“How could you be so stupid?”
I was talking aloud to myself, as I looked out over the mesa. A hot wind was blowing bits of sand and dust into my eyes. I squinted and raised my hands to protect my face.
Suddenly the words thrust me back into memory, some thirty plus years,
to a time when my dad had said those same words to me. In all my childhood, my father had seldom spoken harshly, so there was reason for the memory to be prominent.
I had been granted use of dad’s Chrysler on a Friday night, for three hours. When I arrived home, fifty six hours later, I probably gave the impression that my eyes were spinning in different directions. The car was fine, but I was pretty bent.
My dad, normally a calm man, was disappointed, frightened and furious. He asked me what I had been doing for the last two and a half days. Rather than be honest, I shrugged and used a sulky whine reserved for adolescent males.
“Uhhh, I don’t know,” I said, fidgeting and not meeting his eyes. “Guess I just lost track of time.”
Ordinarily, when in trouble, I could improvise convincing deceptions. I knew this was pretty weak, but I had no idea how to confess to my dad that psychotropic drugs were involved, and that my friend and I had just finished burying a bust of Beethoven in his mother’s rose garden. We had spent a prolonged LSD weekend in his parents’ big empty house. All through the night, whenever we gazed at the the composer’s frowning lips and fiery eyes we felt scolded, accused. The bust of Beethoven looked completely and convincingly alive. He was making it impossible for us to enjoy ourselves.
“What’s wrong with you, Ludwig?” I implored, several times. “Will you cut it out? You look really pissed off.” He replied in German, which was just as well. Finally, we dug a hole, took the bust off the mantelpiece and put Beethoven under two feet of fertilizer. After that, we felt much better.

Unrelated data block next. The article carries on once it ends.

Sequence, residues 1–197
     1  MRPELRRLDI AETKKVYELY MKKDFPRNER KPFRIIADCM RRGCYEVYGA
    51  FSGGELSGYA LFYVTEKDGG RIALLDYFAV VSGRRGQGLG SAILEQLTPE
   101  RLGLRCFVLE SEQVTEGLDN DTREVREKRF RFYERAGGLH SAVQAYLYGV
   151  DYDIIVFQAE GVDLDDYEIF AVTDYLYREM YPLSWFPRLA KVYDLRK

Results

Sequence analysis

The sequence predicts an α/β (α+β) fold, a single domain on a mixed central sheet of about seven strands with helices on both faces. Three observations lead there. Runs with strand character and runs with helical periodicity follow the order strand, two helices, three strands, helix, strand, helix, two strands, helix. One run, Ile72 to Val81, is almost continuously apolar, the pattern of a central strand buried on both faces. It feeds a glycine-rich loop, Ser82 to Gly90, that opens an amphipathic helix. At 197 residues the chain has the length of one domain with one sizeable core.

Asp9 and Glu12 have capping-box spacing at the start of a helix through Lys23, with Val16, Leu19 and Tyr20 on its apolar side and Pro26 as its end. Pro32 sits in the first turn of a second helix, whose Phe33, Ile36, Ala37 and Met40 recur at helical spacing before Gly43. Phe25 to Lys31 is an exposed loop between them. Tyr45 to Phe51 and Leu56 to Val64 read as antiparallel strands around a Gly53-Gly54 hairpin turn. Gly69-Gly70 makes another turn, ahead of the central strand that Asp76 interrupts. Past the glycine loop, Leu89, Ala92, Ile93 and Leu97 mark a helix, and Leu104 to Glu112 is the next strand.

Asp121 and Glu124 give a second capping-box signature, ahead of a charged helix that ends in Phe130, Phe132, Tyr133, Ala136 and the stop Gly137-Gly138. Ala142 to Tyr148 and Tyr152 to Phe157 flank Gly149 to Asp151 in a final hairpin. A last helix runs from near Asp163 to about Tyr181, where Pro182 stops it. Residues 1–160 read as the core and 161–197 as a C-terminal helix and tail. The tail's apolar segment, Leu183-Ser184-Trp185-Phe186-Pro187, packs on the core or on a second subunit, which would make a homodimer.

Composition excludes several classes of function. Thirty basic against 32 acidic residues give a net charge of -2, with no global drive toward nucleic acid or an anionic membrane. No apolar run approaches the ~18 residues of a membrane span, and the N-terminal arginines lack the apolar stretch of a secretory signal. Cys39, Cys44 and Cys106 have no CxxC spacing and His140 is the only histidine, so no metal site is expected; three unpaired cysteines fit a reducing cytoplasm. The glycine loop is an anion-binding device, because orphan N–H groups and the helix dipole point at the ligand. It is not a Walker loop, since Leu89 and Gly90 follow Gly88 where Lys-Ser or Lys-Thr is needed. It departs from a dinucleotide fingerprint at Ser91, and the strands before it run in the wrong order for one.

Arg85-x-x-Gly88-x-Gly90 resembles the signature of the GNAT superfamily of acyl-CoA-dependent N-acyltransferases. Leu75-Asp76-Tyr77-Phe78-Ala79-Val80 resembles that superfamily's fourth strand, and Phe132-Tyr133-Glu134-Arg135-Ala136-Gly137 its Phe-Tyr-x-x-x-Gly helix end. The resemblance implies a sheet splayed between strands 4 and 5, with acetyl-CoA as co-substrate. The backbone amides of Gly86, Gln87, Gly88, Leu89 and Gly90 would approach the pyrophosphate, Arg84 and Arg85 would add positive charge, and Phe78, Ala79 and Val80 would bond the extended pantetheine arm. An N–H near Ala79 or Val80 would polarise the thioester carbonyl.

“Don’t tell me you don’t know,” dad riposted. “You KNOW… you just can’t tell me without making yourself look like a fool.” He was pretty right about that. It was the mid sixties and my dad was up to date on things. Without having to be told in explicit detail, just by inspecting me closely, he surmised what I had been doing and said, simply, “How could you be so stupid?”
The words hurt. I wanted my father’s respect. I knew he was right.
I was sixteen then, fifty two years old now, and I was as disappointed with myself as my father had been with me all those years ago.
And, again, I answered weakly.
“I just didn’t know,” I replied to this dad-voice of memory, “I didn’t think it through, I thought it would be easy. I thought we could do this, one- two- three.”
The “thing” that I thought we could do, one- two- three, was go camping in Utah in the middle of July. The temperature was well over a hundred, there wasn’t a spot of shade, we were isolated and in trouble.
Okay, I was stupid. I had led myself, and my wife, down a certain famous creek without a method of propulsion.
We were absolutely the worst campers in the world. We were camping at the wrong time, in the wrong place, with the wrong equipment. We were dog sick. Our heads were aching, our joints felt like someone had poured hot glue into every ligament.
Aside from the suffocating heat, we were at nine thousand feet
and were suffering a dose of altitude sickness that we were too dumb to
recognize as such.
We had arrived late the previous afternoon. We had set up our tent in the middle of the slick-rock desert near Moab, Utah. We had eaten, and watched the sun set over the buttes, the rocks and the vast sandy wastes. Then we reveled in the beautiful star-lit night. We had done it, we had arrived!
By ten the next morning we were completely miserable.
We had driven from the west coast, pushing hard across Nevada, traversing Utah’s Great Basin. We traveled on a mix of coffee and adrenaline, eating hideous truck stop food. Our car’s air conditioner insulated us from the desert reality outside. We had no clue what awaited us.
Then it hit us like a hammer. Heat exhaustion, altitude, bad food, long hours of driving. It was a deadly combination.
At that moment we felt helpless. Outside the tent, there was choking dust, a torrid wind, and smoke from Colorado forest fires. Add to these miseries the existence of ten billion tiny white gnats, enough to get into every crack and orifice. We had arrived during some kind of hatching phenomenon. The bugs were frenzied with pheromones, they gathered in great opaque clouds, which drifted towards our tent until we were lost in a storm of little white insects.
The next day they would abruptly disappear.